y The Tasman Glacier

"A glacier is a large, slow moving river of ice, formed from compacted layers of snow, that slowly deforms and flows in response to gravity. Glacier ice is the largest reservoir of fresh water on Earth, and second only to oceans as the largest reservoir of total water. Glaciers cover vast areas of polar regions but are restricted to the highest mountains in the tropics. (...) learn more

The terminal lake

With the effects of global warming taking their toll on New Zealand glaciers, it is obvious that their retreat is imminent. Now approximately 27 kilometres long and 600 metres deep the Tasman Glacier is melting and calving at an exponentially increasing rate. In recent years the Tasman Glacier has changed from a 'melting' to a 'calving and melting' terminus, resulting in a terminal lake that is rapidly increasing in size.

This results in icebergs of every shape and size imaginable periodically tearing away from the terminal wall of the glacier into the rapidly growing lake below. On either side of the Terminal Lake, lateral moraines rear up 100 metres to remind us of the scale and greatness the glacier has reached in previous times – the last ice age finishing in just 1890!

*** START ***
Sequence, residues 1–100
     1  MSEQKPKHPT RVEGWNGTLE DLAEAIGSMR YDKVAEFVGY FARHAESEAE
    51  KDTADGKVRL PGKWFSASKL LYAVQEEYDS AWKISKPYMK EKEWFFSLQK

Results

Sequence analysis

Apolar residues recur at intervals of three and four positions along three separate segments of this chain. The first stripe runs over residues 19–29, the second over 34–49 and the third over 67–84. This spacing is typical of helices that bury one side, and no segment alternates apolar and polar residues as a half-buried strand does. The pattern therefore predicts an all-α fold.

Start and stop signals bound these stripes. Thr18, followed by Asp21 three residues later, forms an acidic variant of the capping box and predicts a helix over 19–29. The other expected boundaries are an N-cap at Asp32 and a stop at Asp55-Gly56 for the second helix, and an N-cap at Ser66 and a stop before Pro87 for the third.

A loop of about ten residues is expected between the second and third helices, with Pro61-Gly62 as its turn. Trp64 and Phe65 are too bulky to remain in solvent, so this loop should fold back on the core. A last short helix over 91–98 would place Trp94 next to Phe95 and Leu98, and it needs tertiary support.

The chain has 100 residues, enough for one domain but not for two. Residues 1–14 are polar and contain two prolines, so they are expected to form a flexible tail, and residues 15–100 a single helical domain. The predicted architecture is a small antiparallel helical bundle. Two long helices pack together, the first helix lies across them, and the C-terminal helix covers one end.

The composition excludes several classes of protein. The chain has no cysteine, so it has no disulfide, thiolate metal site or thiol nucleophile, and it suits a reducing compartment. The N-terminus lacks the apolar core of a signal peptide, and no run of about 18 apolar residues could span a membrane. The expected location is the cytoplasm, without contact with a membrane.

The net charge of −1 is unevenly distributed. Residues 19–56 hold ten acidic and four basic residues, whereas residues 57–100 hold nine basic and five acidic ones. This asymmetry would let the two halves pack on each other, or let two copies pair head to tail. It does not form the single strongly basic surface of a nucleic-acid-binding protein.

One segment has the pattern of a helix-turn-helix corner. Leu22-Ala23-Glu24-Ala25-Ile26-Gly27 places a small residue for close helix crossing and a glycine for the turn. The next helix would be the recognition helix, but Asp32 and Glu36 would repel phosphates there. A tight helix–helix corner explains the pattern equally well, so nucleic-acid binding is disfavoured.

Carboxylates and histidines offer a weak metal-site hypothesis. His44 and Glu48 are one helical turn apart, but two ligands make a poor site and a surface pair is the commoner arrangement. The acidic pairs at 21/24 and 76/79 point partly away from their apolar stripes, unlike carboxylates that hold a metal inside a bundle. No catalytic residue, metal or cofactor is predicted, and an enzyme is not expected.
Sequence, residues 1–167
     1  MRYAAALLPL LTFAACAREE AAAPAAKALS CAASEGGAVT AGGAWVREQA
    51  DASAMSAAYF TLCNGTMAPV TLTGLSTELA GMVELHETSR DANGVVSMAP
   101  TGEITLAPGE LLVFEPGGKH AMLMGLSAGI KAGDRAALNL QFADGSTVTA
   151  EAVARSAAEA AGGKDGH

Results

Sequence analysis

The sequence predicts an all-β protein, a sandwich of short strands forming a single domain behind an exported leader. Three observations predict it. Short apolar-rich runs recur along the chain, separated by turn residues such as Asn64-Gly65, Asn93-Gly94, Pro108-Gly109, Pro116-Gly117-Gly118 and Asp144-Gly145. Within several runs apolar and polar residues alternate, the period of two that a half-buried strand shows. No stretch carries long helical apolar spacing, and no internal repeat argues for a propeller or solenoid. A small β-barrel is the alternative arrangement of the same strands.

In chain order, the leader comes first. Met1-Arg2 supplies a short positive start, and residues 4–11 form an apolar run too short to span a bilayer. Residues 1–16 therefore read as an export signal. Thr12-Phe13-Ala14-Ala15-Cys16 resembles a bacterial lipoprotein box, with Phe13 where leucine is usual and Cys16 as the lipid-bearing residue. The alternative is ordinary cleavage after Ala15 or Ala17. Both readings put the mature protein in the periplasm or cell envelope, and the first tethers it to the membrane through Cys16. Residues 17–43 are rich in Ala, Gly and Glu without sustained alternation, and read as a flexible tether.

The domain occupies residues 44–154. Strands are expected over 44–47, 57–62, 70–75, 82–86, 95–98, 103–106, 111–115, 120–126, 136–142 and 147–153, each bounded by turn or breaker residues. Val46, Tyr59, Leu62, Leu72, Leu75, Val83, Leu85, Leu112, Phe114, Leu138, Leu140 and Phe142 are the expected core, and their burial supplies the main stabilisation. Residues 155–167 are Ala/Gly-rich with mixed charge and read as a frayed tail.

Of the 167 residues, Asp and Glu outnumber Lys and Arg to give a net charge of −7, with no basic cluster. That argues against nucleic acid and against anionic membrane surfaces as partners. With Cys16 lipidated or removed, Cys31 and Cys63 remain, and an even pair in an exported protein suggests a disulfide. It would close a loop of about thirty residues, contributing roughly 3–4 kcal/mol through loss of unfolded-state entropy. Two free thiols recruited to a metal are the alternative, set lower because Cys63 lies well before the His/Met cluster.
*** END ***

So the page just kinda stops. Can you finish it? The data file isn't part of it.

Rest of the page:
The rocky insulation layer

As the glacier continues to retreat in length it also down wastes in height. This meltdown results in an accumulation of debris originating from within the glacier to be left marooned atop the huge river of ice. The layer of rock on top of the glacier provides some spectacular rock fall as the ice continually melts away from beneath. There is no doubt as to the dynamic nature of the dirty end - the working end of the glacier. Although a surprise to many, the messy array of dirty moraine on top of the Tasman Glacier isn't such a bad thing….This layer of rubble acts as an insulator for the ice below, protecting it from the harsh sun's rays and assisting in the preservation of what is undoubtedly the most precious resource on earth – water!

Further glacier information